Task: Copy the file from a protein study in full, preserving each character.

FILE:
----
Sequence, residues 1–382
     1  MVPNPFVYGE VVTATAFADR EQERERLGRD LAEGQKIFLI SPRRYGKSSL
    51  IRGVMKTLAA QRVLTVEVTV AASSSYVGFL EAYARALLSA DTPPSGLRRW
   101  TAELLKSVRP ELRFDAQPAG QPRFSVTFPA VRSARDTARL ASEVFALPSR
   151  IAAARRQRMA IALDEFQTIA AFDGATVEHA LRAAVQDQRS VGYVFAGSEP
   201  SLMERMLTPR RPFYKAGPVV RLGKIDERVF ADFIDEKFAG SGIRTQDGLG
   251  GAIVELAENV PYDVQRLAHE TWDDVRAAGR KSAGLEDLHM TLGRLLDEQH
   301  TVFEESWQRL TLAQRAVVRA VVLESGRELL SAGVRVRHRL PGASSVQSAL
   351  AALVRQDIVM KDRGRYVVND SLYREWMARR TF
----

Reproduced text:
Sequence, residues 1–382
     1  MVPNPFVYGE VVTATAFADR EQERERLGRD LAEGQKIFLI SPRRYGKSSL
    51  IRGVMKTLAA QRVLTVEVTV AASSSYVGFL EAYARALLSA DTPPSGLRRW
   101  TAELLKSVRP ELRFDAQPAG QPRFSVTFPA VRSARDTARL ASEVFALPSR
   151  IAAARRQRMA IALDEFQTIA AFDGATVEHA LRAAVQDQRS VGYVFAGSEP
   201  SLMERMLTPR RPFYKAGPVV RLGKIDERVF ADFIDEKFAG SGIRTQDGLG
   251  GAIVELAENV PYDVQRLAHE TWDDVRAAGR KSAGLEDLHM TLGRLLDEQH
   301  TVFEESWQRL TLAQRAVVRA VVLESGRELL SAGVRVRHRL PGASSVQSAL
   351  AALVRQDIVM KDRGRYVVND SLYREWMARR TF